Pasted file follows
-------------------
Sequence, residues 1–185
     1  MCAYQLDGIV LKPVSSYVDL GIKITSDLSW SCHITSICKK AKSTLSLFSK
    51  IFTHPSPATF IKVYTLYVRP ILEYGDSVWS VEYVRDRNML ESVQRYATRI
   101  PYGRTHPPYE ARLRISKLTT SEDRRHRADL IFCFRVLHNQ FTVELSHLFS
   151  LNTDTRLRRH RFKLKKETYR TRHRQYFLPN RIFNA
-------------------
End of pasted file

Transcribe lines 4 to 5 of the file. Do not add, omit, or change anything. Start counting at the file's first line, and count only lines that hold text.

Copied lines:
   101  PYGRTHPPYE ARLRISKLTT SEDRRHRADL IFCFRVLHNQ FTVELSHLFS
   151  LNTDTRLRRH RFKLKKETYR TRHRQYFLPN RIFNA